One of my favorite movie scenes is from a movie whose name I don’t even remember. It’s one of those ancient black and white movies that show on PBS in the middle of the night. It takes place in the early 1930’s, in a beautiful mansion. The matron of the house, dressed for dinner in a flowing dress, rushes to answer the phone. It’s an ornate Art Deco contraption. She answers with a most welcoming “Hello,” listens briefly, then, putting her hand over the mouthpiece, she turns and calls out to her husband in the next room “Honey, it’s long distance!” in a voice that expresses wonderful amazement at something marvelous and unusual.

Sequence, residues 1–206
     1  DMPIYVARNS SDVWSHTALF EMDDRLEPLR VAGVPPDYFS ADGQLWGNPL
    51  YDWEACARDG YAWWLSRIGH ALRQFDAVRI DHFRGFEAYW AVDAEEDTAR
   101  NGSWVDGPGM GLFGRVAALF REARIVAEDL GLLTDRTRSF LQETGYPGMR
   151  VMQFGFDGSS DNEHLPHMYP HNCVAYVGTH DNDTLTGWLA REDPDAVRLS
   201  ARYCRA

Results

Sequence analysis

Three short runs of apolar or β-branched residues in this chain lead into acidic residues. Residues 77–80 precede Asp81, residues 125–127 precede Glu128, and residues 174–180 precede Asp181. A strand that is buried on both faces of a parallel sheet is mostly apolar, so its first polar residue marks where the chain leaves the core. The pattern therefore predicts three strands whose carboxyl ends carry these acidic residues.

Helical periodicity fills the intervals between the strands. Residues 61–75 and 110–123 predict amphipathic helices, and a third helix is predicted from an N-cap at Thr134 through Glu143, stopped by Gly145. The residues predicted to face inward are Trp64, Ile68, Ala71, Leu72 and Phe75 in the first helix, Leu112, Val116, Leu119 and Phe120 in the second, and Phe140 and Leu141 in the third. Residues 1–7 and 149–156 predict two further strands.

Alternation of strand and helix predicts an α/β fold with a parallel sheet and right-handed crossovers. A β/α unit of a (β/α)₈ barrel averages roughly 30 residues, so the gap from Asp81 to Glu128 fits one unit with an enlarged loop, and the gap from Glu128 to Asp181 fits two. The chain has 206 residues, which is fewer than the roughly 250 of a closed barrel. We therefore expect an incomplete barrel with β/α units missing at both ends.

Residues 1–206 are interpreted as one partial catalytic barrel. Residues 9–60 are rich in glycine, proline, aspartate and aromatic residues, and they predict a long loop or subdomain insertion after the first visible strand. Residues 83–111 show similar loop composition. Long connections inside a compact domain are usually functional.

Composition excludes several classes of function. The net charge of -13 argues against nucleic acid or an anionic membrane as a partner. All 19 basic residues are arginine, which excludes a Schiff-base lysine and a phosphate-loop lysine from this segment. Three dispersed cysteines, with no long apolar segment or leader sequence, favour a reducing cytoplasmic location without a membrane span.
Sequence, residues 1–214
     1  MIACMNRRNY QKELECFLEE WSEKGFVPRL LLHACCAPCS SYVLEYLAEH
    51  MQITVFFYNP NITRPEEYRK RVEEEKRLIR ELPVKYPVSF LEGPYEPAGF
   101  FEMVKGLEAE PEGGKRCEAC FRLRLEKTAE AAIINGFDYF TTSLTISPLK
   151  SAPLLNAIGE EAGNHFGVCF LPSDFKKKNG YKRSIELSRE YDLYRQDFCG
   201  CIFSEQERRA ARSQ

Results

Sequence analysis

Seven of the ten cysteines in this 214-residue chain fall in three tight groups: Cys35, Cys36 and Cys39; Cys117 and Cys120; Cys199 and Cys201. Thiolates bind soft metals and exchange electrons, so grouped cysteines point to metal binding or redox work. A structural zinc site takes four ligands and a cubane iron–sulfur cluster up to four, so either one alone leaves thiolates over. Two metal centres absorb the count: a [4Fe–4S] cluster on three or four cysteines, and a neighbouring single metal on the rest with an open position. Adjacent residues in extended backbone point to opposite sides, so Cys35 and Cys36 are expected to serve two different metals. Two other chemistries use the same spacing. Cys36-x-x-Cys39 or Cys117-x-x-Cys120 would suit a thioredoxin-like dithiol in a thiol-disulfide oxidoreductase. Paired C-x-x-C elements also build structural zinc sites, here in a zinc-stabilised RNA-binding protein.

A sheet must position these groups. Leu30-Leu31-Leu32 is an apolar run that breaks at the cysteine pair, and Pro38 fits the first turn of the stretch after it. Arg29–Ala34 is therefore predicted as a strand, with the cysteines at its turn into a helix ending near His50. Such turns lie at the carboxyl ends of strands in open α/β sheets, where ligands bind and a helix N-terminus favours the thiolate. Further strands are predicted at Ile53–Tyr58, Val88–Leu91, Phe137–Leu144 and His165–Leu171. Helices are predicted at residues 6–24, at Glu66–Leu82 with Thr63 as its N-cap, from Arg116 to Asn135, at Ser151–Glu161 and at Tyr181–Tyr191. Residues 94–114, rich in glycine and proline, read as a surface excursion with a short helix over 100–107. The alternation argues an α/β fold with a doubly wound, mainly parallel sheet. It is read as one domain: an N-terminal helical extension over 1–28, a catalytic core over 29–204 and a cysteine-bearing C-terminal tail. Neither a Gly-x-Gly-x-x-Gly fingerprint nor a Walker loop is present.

When I was growing up telephones were different from today. They were clunky, generally quite ugly, and depended on qualified operators, and in later years, thick books of names and numbers. When we lived at the pink house I would occasionally call my best friend Mark. We didn’t push a few buttons on a tiny box from our pocket, I had to go to the northeast corner of the living room, pick up the handset and listen for the operator to say “Number please.” Mark’s number was 3024.
One more thing about that number, it was for a specific phone nailed to the wall at their house. I wasn’t calling Mark, I was calling his house. When someone from the house answered, they would go find Mark, if he was in the house.
Let’s compare that to today. I call Mark’s personal phone. He answers. Unlike in the past when I would ask for a person, Mark in this case, today only Mark will answer the phone, and I ask him where he is. Back in the day a phone had a specific place in the home, today it’s closely held to his person.